The document describes in detail the correct way to waterboard a prisoner: the interrogator lays him down at a 15 degree angle, smothers his face with a wet cloth, and pours water continually onto the cloth, making it impossible to breathe.
If the detainee struggles, the memo calmly states, the interrogator can cup his hands around the prisoner's nose and mouth to suffocate him. The treatment continues sporadically for up to two hours, with doctors standing by to ensure the victim does not actually die, but simply experiences "a sensation of drowning" that will "cause fear and panic."
The words sound like something from a Nazi interrogation manual. In fact, they come from memos written by the U.S. Justice Department and recently declassified by the Obama Administration. The memos seek to justify the CIA’s use of what the media euphemistically calls "harsh interrogation techniques"- in other words, torture.
The memos endorse such gruesome techniques as keeping detainees awake for 11 days straight, shackled and chained to the ceiling, and dousing them with frigid water. They approve slamming a prisoner into a wall as many as 30 times "to wear down the detainee and to shock or surprise the detainee."
By stripping a suspect naked, the memos recommend, "interrogators can exploit the detainee's fear of being seen naked" and "clothing can be provided as an instant reward for cooperation."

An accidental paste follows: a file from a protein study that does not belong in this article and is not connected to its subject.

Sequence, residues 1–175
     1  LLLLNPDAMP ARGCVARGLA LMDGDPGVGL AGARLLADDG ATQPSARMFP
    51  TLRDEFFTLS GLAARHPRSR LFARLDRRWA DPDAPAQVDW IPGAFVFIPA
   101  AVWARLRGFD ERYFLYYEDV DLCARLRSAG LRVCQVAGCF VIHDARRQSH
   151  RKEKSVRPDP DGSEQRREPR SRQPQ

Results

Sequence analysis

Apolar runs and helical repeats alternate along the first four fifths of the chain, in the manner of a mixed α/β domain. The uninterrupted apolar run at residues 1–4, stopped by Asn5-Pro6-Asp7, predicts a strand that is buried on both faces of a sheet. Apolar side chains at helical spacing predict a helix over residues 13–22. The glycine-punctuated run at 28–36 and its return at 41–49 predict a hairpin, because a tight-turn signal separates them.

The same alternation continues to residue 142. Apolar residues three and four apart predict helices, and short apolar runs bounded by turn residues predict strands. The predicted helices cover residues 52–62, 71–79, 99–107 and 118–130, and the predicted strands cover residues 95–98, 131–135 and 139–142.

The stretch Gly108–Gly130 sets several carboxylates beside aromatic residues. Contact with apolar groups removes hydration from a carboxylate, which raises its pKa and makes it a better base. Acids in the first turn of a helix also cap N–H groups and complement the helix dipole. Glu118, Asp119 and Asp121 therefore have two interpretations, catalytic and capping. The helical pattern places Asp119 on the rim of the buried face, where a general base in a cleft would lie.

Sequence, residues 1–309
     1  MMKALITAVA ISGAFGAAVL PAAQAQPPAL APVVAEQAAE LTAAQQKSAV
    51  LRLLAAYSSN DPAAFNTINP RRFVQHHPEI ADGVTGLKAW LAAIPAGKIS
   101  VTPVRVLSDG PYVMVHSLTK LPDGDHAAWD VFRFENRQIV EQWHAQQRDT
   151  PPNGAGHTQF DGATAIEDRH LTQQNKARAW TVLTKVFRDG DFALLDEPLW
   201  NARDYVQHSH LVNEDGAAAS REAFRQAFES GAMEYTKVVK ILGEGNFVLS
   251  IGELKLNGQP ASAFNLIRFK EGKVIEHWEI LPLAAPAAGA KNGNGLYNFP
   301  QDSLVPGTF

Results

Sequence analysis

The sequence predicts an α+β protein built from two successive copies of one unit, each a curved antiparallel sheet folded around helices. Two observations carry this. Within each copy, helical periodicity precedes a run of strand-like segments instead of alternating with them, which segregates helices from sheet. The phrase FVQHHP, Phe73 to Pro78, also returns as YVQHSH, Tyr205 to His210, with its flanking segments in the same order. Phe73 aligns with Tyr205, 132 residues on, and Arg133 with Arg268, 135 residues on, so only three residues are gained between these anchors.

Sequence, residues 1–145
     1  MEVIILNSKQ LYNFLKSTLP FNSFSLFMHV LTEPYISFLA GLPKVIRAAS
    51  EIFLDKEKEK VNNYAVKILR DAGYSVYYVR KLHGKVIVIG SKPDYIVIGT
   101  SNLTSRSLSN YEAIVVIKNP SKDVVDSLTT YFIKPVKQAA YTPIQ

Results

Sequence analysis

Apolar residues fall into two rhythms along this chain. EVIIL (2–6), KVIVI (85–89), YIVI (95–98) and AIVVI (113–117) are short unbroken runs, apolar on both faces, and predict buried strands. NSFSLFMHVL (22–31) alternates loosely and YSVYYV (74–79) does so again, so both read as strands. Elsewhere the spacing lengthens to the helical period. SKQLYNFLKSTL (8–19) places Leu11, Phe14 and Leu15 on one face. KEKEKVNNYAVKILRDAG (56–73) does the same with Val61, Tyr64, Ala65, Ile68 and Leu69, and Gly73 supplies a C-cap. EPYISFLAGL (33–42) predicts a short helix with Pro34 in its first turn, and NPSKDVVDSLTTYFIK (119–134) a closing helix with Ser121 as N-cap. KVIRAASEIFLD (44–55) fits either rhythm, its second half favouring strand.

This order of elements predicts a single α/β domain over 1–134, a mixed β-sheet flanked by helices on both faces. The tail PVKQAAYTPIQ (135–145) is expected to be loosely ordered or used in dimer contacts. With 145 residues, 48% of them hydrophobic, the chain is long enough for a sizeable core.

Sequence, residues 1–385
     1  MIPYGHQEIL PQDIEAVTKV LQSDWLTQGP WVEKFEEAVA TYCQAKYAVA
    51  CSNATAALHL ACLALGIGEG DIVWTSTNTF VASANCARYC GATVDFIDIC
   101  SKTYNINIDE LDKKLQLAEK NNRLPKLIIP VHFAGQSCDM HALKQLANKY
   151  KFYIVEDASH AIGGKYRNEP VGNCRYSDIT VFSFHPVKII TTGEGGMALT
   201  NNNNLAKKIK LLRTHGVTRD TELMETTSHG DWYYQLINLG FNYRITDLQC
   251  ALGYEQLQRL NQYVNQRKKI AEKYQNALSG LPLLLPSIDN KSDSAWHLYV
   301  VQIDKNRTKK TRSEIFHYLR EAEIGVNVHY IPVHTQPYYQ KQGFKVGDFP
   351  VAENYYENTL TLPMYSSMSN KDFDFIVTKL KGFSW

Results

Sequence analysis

These memos were used to justify, for example, the waterboarding of accused Al Qaeda operative Abu Zabaydah 83 times at a secret CIA prison. And the same vicious disregard for human life has led to outright killings of detainees in Iraq and Afghanistan.
The United States once prosecuted Japanese interrogators for war crimes after they used similar methods during World War II. Incredibly, the Obama Administration has announced it will not take legal action against CIA torturers, saying they were "relying in good faith on legal advice." Nor is any action planned against the top Bush Administration officials in the Justice Department and White House who authorized this program.
But as Michael Ratner, director of the Center for Constitutional Rights, pointed out in the New York Times, "Torture is torture and all the legal window dressing in the world cannot hide its essence: the infliction of pain and suffering on human beings."
The lack of consequences for the torturers and the Justice Department lawyers who enabled them (who might be disbarred but will likely escape prosecution), not to mention Rumsfeld, Cheney, Bush and Co., shows the hollowness of the ruling class's insistence on the rule of law.
Apparently, the rule of law applies when it comes to workers who cross the border illegally or go on strike, but brutal CIA henchmen can be let off the hook because they received some bad advice.
Democratic leaders’ refusal to hold torturers accountable underlines the hollowness of Obama’s promise of change. Genuine change will only be achieved through building a massive, politically independent movement of ordinary working people that puts human needs – and human rights! – above the profits and imperialist ambitions of U.S. big business.